Reflecting Masculinity: An Autoethnographic Exploration of a Stay-at-Home Father/Sports Fan’s Presentation of a Masculine Identity by Dale Anderson , Wayne State University
Miller (2008) calls for a move away from experience based authenticity justification in sport scholarship. Miller takes particular exception with authethnography (AE) as an experiential genre of scholarship. While I accept Miller’s position that critical analysis of sport does not need to be grounded in authenticity claims stemming from participation in and/or fandom of sport. I do think that it is vital that any sociological exploration of the role of sport and identity be rooted in critical self-reflexivity.
My role as a stay-at-home father has created a need to develop more nurturing and relational aspects of my identity. My self-perceived requirement of manhood has manifested itself in an identity of “authentic sports fan.” I examine my re/presentation of sport tropes to cope with an internalized pressure to be masculine in my public presentation of self. Using autoethnography, I explore my identity construction, via sport fandom, to maintain the appearance of masculinity. In the spirit of Miller’s critique of the focus on experience to gain legitimacy in the sport scholarship, I examine my own struggles with legitimacy “talking sports” due to a lack of sporting success. I close by reasserting the importance of autoethnography as a vital tool for critically analyzing the relationship of society and sport.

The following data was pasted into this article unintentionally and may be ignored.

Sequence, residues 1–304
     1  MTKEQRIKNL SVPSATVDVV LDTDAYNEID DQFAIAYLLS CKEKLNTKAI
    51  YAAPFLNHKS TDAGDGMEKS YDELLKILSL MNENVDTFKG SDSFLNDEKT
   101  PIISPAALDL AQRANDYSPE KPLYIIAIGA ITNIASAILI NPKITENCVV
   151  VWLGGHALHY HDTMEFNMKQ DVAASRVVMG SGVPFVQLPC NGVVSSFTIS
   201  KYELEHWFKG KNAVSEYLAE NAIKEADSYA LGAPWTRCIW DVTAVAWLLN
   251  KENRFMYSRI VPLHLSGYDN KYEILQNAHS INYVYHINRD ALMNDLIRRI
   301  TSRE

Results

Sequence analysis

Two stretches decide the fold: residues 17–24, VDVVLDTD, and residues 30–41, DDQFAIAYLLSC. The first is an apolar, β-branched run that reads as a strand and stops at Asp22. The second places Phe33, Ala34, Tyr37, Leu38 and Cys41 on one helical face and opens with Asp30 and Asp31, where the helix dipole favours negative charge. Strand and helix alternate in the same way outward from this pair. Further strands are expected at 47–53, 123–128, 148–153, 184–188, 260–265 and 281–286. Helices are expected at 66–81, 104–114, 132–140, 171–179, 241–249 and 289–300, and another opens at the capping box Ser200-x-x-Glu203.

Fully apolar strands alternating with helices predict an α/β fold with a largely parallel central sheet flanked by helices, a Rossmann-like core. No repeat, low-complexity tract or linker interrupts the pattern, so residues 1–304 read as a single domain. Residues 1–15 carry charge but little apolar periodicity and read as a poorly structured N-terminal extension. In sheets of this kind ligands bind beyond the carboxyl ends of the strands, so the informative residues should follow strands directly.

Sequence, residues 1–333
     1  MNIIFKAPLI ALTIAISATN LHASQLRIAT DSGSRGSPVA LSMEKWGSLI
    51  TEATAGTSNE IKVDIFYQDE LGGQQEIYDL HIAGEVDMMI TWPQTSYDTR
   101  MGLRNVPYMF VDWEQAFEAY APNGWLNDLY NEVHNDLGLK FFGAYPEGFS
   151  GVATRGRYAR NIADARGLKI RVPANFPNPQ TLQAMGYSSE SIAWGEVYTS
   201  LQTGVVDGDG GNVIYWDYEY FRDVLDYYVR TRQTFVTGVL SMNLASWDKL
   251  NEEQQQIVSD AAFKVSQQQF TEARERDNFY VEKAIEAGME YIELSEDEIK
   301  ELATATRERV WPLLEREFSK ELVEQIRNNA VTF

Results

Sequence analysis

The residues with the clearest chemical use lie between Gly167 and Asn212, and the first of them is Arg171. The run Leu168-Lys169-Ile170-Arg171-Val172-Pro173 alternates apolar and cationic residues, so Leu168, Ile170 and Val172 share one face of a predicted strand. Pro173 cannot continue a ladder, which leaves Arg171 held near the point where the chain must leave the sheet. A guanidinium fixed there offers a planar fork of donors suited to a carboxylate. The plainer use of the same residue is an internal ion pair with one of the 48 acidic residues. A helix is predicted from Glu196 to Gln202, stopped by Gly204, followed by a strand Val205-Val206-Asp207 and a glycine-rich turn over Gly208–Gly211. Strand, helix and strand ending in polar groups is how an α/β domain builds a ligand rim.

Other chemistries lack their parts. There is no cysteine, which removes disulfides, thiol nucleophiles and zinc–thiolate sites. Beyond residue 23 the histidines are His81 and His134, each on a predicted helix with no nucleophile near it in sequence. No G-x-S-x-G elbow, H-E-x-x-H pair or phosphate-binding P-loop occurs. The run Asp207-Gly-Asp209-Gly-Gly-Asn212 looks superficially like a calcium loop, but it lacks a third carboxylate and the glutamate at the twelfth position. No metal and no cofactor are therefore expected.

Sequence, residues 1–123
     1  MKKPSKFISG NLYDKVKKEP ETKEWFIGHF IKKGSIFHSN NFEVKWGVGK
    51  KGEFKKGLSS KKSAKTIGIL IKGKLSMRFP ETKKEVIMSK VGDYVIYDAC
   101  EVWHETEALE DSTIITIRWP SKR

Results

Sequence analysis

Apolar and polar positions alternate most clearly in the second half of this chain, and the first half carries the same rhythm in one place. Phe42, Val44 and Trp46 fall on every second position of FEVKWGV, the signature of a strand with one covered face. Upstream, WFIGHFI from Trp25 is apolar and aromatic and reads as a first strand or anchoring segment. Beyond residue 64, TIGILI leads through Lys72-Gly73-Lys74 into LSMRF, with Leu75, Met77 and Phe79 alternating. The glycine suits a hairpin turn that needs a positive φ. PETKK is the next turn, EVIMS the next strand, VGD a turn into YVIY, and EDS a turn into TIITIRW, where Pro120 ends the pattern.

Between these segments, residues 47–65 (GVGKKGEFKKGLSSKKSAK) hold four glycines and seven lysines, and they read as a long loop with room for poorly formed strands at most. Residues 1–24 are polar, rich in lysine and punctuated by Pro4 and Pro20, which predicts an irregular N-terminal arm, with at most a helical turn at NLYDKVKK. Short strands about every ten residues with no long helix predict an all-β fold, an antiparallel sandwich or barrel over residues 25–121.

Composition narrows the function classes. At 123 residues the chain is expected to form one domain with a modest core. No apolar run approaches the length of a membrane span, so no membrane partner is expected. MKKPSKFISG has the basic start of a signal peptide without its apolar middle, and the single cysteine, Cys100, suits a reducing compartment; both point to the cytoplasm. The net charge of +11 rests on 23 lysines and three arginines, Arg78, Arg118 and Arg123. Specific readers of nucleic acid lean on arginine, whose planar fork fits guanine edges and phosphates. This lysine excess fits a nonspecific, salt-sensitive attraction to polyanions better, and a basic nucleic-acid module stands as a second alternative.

As alluded to by Miller, experience is a cornerstone to the sports’ epistemology. AE provides space for critical examination of the sociological implications of self presentation. A critical cultural approach to sport scholarship would benefit greatly from the incorporation of AE and critical ethnography.